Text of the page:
- Wind energy-generated electricity provided 10.6% of Texas power in 2015, the first time it has reached double digits in the state’s power mix, according to the Electric Reliability Council of Texas. The increase was largely in generation from growing Panhandle and West Texas capacity and due to delivery by the new Competitive Renewable Energy Zone (CREZ) transmission lines serving it.
- Texas wind set a state record in March 2014, when it provided 39% of ERCOT’s electricity during one night. Installed wind capacity tops all other states, according to the American Wind Energy Association, and was 20% of U.S wind output through 2014's first 10 months, according to the U.S. Energy Information Administration.
- Natural gas plants topped the Texas generation mix in 2014, generating 41% of the state's electricity. Coal was second at 36%, and nuclear was third at 12%, with less than 0.5% coming from other resources.
Wind energy is on the rise in Texas, and the Houston Chronicle reports that critical transmission projects are partly thank for the resource topping 10% of the state's generation last year.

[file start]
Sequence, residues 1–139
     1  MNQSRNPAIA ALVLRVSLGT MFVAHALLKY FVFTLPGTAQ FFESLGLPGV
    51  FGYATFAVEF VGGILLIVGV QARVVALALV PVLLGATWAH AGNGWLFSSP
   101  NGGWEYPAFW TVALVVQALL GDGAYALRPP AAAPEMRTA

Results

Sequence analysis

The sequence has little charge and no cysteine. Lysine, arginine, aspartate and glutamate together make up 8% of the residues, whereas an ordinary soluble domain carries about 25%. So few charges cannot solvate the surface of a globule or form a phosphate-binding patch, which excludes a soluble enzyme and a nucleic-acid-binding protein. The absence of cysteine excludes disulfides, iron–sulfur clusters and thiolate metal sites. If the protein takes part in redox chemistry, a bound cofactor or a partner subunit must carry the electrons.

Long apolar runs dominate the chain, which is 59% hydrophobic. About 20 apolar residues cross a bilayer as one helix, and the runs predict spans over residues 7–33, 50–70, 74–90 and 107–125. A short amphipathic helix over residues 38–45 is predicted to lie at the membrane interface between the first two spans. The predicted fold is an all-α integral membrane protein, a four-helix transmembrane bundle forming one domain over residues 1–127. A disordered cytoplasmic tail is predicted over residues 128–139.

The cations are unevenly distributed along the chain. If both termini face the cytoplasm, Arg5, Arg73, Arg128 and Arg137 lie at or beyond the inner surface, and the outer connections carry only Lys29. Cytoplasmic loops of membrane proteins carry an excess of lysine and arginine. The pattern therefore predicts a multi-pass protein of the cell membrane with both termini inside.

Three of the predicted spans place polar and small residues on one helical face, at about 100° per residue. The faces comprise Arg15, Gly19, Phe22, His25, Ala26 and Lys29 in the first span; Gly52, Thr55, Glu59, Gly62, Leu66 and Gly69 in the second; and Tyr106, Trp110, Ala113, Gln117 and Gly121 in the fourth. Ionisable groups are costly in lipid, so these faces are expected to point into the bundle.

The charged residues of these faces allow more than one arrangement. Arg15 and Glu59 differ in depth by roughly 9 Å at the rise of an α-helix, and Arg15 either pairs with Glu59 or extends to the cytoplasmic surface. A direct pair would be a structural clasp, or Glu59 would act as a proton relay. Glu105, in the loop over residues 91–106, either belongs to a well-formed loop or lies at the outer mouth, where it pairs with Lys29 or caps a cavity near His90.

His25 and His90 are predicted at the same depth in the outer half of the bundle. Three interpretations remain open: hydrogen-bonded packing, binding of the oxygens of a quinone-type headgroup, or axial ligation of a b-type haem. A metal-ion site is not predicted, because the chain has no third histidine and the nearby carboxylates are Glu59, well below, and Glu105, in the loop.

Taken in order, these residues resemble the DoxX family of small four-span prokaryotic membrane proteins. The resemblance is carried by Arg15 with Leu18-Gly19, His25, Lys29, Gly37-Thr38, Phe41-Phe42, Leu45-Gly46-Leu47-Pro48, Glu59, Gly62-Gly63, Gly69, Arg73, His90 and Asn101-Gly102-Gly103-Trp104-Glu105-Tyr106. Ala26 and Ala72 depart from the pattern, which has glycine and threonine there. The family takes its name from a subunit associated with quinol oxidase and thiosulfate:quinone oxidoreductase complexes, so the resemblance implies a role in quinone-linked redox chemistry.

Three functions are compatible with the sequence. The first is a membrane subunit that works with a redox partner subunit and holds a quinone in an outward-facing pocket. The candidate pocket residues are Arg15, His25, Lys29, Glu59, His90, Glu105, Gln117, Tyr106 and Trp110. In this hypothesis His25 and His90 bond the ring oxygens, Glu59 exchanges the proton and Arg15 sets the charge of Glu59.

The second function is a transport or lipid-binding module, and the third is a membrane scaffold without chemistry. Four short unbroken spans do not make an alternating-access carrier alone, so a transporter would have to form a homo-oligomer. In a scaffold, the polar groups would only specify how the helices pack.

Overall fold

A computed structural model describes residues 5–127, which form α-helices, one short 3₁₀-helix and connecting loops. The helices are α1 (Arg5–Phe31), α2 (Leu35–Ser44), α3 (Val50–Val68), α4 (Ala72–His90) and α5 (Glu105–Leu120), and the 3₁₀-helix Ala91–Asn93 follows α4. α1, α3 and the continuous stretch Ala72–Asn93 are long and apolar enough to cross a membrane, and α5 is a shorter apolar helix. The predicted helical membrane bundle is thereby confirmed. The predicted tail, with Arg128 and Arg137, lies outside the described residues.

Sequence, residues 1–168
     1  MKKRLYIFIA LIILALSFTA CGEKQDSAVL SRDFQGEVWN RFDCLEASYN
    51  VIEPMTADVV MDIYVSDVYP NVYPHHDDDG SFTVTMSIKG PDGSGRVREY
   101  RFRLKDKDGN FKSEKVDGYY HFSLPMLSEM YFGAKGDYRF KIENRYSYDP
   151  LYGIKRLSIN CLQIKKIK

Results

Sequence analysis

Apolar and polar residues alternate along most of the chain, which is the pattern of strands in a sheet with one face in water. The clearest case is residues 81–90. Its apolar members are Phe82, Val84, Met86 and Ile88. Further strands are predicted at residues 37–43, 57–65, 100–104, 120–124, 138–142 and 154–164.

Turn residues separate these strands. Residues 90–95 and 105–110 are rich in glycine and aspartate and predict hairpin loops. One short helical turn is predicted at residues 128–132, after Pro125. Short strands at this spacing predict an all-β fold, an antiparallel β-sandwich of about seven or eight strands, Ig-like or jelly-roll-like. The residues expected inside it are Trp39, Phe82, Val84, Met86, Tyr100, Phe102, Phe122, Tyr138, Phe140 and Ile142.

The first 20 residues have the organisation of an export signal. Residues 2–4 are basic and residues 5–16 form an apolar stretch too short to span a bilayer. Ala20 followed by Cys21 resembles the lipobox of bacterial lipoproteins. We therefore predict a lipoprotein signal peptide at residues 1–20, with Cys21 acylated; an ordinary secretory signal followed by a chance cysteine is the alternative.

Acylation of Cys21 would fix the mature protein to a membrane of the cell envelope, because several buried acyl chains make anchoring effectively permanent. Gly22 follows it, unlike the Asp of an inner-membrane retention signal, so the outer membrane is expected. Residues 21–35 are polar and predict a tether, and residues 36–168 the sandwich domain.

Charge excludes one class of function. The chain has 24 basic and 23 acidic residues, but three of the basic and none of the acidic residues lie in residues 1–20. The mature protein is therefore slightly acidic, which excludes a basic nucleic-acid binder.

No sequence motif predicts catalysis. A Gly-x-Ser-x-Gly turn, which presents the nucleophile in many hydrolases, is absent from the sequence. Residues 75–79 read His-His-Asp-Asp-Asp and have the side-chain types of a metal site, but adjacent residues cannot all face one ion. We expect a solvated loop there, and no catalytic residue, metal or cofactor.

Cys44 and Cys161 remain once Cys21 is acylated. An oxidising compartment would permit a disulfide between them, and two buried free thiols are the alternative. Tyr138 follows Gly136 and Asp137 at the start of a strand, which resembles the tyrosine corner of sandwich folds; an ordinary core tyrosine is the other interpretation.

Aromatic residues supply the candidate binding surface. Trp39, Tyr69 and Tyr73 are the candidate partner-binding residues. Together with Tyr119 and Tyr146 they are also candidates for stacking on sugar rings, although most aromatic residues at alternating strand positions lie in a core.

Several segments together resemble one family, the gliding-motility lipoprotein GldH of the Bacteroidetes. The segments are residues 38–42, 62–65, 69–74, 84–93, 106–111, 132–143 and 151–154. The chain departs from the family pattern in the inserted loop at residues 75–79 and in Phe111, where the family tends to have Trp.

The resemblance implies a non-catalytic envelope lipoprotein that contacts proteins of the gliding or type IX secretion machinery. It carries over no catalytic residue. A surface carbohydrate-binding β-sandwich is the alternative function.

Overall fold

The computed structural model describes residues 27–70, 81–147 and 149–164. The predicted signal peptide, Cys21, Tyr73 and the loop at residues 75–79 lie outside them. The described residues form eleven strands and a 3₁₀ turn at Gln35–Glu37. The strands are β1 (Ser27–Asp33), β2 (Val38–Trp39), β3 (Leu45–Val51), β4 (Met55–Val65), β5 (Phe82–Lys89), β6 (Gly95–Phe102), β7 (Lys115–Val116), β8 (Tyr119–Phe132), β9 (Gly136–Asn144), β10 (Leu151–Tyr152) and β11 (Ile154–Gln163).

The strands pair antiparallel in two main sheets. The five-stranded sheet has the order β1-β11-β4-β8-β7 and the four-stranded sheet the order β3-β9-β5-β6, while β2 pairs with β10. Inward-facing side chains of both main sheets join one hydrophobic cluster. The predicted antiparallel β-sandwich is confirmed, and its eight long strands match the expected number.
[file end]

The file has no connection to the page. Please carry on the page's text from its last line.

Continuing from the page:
The $7 billion, 3,500 mile CREZ transmission project, undertaken in 2005 under Governor Rick Perry, was completed in 2013. The new lines are widely seen as key to Texas wind growth. The PUC of Texas was charged with identifying Competitive Renewable Energy Zones, geographic areas where wind would be constructed. In 2008, The PUCT designated five CREZs and planned transmission upgrades to deliver the wind-generated electricity that would come from them.
Ultimately, the CREZ lines will grow Texas wind capacity to 18,456 MW. The benefits intended from the CREZ projects were, from the beginning, to deliver more renewables to Texas population centers and to improve Texas air quality.
Texas wind generated 36.1 million megawatt-hours of electricity for ERCOT in 2014. A megawatt-hour is approximately the one-hour demand of 500 typical Texas residences.